hen the fabric of a dress dries out, it is weakened, unravels and tears, becomes shapeless and rapidly falls apart.
The existence of high-end watchmaking, just like that of industrial watchmaking, depends very largely on the strong fabric that surrounds it. Upstream is the design and production fabric; downstream, the distribution and media fabric. If this fabric dries out and tears on either side, or on both at the same time, the entire watchmaking sector is weakened.
Upstream we have the huge difficulties currently experienced by the subcontractors, who have no visibility and are in grave danger of collapsing altogether; downstream we have the pre- and post-Covid store closures, retailers left high and dry. Both are part of the same, single phenomenon – which the health crisis is not only exacerbating – it’s also revealing its true shape.
However strong the surge in vertical integration at the production level and the move to direct control in distribution may have been, it is a distraction. For all concerned. Because in reality, the essential mechanical creativity on which the well-established watch companies thrive comes from the independent workshops. Without subcontractors – which we would do better to call co-contractors – capable of machining parts that few others can, or producing every variety of component and handling seasonal surges like a restaurant chef, the grand watchmaking names that command the field would present a far less glorious sight.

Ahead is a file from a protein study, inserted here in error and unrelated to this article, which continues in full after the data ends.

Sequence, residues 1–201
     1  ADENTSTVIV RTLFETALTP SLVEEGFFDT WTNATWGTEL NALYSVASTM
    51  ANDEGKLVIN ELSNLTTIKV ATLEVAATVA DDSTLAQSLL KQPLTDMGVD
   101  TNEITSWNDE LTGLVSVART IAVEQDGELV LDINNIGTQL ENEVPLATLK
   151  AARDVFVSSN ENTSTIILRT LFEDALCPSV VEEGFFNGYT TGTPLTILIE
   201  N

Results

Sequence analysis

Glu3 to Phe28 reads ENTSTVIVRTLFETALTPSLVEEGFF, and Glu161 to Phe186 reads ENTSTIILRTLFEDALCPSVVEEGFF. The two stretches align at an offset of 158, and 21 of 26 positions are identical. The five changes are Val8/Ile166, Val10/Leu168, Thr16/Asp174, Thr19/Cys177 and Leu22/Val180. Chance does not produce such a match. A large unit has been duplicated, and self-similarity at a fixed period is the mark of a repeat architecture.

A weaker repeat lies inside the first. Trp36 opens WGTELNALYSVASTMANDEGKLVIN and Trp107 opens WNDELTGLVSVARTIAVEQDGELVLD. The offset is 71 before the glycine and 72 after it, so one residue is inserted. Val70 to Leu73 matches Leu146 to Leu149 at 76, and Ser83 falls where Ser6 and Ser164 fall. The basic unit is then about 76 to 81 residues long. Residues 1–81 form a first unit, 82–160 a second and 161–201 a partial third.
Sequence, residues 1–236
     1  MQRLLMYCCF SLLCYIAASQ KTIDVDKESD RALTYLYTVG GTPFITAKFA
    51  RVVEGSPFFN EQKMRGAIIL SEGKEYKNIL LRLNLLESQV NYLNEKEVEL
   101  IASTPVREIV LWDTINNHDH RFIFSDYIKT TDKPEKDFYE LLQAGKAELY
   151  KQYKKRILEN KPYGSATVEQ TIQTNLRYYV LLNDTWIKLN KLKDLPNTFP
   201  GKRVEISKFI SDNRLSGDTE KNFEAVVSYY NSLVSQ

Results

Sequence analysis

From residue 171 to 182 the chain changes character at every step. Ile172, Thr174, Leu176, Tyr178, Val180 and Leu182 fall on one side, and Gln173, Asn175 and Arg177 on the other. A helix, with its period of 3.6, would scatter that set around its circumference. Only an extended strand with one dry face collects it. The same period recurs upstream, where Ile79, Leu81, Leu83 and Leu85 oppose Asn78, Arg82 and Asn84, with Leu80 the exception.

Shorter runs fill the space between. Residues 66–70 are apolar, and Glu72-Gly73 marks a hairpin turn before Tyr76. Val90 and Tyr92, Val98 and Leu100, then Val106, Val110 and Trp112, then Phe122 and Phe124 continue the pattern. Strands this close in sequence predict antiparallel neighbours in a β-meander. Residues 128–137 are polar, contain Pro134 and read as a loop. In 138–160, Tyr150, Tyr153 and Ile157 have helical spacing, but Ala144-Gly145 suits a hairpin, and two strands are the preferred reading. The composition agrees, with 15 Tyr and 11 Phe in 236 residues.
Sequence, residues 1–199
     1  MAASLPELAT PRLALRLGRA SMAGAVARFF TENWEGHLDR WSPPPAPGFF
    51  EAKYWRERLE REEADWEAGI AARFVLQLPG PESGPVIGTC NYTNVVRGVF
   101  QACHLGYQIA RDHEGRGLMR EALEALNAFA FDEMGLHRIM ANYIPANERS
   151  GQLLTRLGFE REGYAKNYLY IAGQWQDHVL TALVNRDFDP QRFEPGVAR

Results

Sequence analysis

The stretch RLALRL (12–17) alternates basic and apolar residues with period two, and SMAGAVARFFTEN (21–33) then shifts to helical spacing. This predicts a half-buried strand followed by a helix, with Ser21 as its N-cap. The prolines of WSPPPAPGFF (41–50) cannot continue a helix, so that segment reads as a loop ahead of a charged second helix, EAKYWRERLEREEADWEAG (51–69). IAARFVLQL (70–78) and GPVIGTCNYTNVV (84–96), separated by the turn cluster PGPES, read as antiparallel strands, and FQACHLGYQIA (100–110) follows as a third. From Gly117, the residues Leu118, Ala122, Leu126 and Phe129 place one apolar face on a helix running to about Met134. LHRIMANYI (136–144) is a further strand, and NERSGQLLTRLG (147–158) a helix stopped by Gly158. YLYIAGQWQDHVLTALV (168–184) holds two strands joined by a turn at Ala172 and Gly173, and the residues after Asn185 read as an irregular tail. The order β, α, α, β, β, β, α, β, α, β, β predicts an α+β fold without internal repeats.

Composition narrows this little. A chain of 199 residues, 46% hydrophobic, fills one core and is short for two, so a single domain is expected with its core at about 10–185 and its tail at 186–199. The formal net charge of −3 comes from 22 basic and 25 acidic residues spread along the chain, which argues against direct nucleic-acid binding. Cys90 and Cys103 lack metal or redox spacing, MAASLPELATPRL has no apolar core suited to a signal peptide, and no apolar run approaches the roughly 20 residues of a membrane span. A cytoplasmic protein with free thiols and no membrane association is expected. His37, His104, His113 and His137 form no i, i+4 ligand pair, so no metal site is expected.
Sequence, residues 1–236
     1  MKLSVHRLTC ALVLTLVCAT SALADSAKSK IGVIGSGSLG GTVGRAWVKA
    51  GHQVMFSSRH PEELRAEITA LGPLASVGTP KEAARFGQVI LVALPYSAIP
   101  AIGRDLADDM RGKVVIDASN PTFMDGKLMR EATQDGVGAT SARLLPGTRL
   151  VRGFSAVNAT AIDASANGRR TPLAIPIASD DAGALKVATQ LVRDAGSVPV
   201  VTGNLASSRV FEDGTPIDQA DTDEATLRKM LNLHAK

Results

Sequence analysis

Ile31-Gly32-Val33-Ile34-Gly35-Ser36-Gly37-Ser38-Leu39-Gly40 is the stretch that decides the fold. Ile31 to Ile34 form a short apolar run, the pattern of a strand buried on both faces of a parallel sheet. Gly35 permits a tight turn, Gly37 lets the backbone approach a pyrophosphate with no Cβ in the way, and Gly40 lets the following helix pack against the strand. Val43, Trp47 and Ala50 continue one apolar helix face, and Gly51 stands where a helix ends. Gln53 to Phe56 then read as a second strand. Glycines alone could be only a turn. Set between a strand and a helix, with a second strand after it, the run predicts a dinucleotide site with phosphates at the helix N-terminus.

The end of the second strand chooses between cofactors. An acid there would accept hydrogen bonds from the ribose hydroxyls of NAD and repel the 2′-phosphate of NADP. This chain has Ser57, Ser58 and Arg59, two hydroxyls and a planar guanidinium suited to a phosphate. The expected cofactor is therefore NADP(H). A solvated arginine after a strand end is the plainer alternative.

Downstream, it’s the same story. The retailers who made the brands’ fortunes (and their own, while they are at it), wooed by a thousand means and patiently cultivated, sometimes over generations, circles of watch-lovers, faithful customers and curious onlookers, have all too often been dropped, without a parachute. And immediately subjected to the direct territorial competition of those whose cause they had promoted.
But when this whole fabric tears at one go – a phenomenon accelerated by the current crisis – the damage is real, quantifiable and measurable. People, whole families, are losing their jobs, lives are being turned upside-down, know-how – already on the verge of extinction – is dying out, towns are becoming depopulated, creativity and innovation are withering away.
Elsewhere, downstream, stores are closing, bankruptcies are being declared, the fabric is unravelling, disenchantment is setting in. If there is no longer any contact or emotion, there is no longer a sense of purpose.
Because today, a watch is a rather singular object. Having become objectively useless, it faithfully renders an agreeable service, while also being an ornament, a social marker, a transitional object in which aesthetic appreciation, nostalgia and an admiration for human mechanical genius are all mixed up.
If watches are to preserve these qualities and avoid falling out of favour and into gentle indifference – with the exception of a happy few – the watch sector needs to fight to keep its fabric in good condition at all costs. Because it is this fabric that nourishes it and enables it to flourish. *
*A fabric of which we, the media, are an integral part, as its living and long-term memory, whistle blowers and providers of perspective, supporters and reporters on all existing channels and media.